Then you should seriously consider heating up your love life by dating a firefighter.Firefighters are trained problem solvers, incredibly courageous, completely selfless, and look damn good shirtless.A man who is brave enough to run into a burning building will surely be able to protect you from life’s smaller threats (like mice). About 25 million Americans have urinary incontinence.It's estimated that three-fourths are women, but that leaves more than five million men with bladder problems.Men can have incontinence due to an enlarged prostate or prostate surgery, but other causes may play a role too.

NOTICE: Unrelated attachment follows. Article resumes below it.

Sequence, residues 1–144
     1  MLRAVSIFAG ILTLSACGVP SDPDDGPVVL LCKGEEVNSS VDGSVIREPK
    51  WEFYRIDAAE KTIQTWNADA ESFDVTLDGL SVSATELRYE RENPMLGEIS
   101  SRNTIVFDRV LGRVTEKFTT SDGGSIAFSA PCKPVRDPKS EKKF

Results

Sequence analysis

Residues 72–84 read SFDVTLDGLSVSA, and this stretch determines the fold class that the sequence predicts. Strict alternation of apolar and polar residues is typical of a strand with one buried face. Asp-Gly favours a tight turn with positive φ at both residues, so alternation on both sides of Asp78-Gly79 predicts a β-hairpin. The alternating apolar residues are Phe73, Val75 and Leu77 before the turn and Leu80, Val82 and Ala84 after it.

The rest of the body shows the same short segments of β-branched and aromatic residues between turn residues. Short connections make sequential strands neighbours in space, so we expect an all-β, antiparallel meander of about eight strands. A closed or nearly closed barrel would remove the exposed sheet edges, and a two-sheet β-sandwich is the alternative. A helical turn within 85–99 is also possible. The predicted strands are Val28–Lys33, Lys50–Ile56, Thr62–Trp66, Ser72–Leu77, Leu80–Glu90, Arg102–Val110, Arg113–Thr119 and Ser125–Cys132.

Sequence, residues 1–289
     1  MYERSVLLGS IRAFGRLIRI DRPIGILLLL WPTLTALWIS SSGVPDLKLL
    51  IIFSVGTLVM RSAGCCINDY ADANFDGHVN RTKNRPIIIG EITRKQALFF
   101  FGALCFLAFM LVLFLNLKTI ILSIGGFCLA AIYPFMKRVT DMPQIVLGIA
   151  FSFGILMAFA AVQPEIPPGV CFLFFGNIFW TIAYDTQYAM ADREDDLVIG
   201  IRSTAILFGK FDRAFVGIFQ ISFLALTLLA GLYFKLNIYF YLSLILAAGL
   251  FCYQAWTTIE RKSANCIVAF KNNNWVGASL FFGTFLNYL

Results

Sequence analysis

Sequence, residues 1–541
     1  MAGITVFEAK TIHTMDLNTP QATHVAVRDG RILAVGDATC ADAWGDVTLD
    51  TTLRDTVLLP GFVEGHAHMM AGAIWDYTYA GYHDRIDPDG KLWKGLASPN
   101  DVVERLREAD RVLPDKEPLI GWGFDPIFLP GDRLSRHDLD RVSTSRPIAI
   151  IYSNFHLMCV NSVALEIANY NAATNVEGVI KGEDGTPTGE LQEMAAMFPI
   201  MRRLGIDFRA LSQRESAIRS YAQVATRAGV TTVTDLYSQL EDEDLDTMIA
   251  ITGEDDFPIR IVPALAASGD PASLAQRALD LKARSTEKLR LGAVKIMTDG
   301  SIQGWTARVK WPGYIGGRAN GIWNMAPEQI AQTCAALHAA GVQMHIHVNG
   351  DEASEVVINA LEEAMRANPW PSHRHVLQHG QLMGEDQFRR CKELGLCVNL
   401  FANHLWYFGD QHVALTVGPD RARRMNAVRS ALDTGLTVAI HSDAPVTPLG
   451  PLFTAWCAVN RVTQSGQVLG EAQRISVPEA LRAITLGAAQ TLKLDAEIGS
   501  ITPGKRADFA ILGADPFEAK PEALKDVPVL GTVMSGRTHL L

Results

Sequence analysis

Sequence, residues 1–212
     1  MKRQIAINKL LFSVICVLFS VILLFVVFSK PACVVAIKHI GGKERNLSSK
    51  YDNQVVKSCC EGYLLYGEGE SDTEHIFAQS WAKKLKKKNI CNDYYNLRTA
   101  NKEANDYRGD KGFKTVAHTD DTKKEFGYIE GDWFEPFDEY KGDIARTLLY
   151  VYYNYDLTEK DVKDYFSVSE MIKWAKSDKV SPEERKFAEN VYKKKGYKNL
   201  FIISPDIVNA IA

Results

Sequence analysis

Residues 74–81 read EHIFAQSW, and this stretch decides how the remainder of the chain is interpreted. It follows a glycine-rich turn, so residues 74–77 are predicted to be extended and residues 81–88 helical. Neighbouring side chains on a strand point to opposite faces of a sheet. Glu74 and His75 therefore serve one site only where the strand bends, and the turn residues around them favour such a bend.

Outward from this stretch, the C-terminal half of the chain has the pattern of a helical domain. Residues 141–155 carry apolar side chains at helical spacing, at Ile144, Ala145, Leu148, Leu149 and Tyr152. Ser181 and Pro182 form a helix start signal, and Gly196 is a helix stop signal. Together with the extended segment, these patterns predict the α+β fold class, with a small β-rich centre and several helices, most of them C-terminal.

Most men have mild post-void drips, hence the oft-quoted, "No matter how much you shake and dance, the last two drops get on your pants." But frequent, excess leakage after urination is not normal, says William Steers, M.D., chair of the urology department and Paul Mellon professor at the University of Virginia School of Medicine, in Charlottesville.If it makes you uncomfortable, shows through your clothes or causes skin irritation, it's a form of incontinence -- and it could be a symptom of a more serious problem. Between 2 percent and 15 percent of men ages 15 to 64, and 5 percent to 15 percent of men over 60 who live at home (as opposed to a nursing home), have incontinence, according to the National Association for Continence (NAFC).Prostate removal for cancer treatment is one of the most common causes. As you age, the muscles that control bladder function start to lose strength, and weight gain can put extra pressure on the bladder."Most patients who come to see me about stress urinary incontinence are men who've had surgery for prostate cancer, nine out of 10," says Dr. (In stress incontinence, coughing and sneezing can trigger leakage.) If patients have stress incontinence and have not had prostate surgery, another condition -- such as a neurological disorder, spinal injury or diabetes -- may be to blame, says Dr. Although obesity seems to affect women more than men when it comes to bladder control, Dr.Steers says he's increasingly seeing the connection in his male patients. It can block the urethra and cause overflow incontinence, which is the leakage of a small amount of urine, or difficulty urinating.Cigarette smoking, heavy drinking and diabetes also increase a man's risk of bladder problems. Prostate removal due to cancer can also damage or weaken the pelvic floor muscles and nerves around the bladder, and it may cause significant leakage issues for about half of men just after surgery.One in five still has problems a year or more later.This is one reason doctors often suggest "watchful waiting" for slow-growing prostate cancers, says Dr. Delaying the surgery can also help you avoid erectile dysfunction. In some men, incontinence problems can be caused by nerve damage from diabetes, a stroke, Parkinson's disease (which mostly affects men), or multiple sclerosis (which mostly affects women). "Fortunately, the manufactures of adult absorbent products have recognized, finally, that the male anatomy is different from female," says Muller.In addition, men are more likely to be involved in car or motorcycle accidents, workplace injuries or active-duty combat, which puts them at higher risk for spinal cord injuries that can trigger incontinence, says Nancy Muller, Ph. "Only recently have major incontinence brands come out with gender-specific adult products." Men can find absorbent or disposable underwear, ranging from briefs to boxers, as well as compression pouches that support the urethra, in most pharmacies.For severe incontinence episodes, consider an external collection unit, which fits like a sheath over the penis and contains a collection bag (that fits inside a pair of briefs).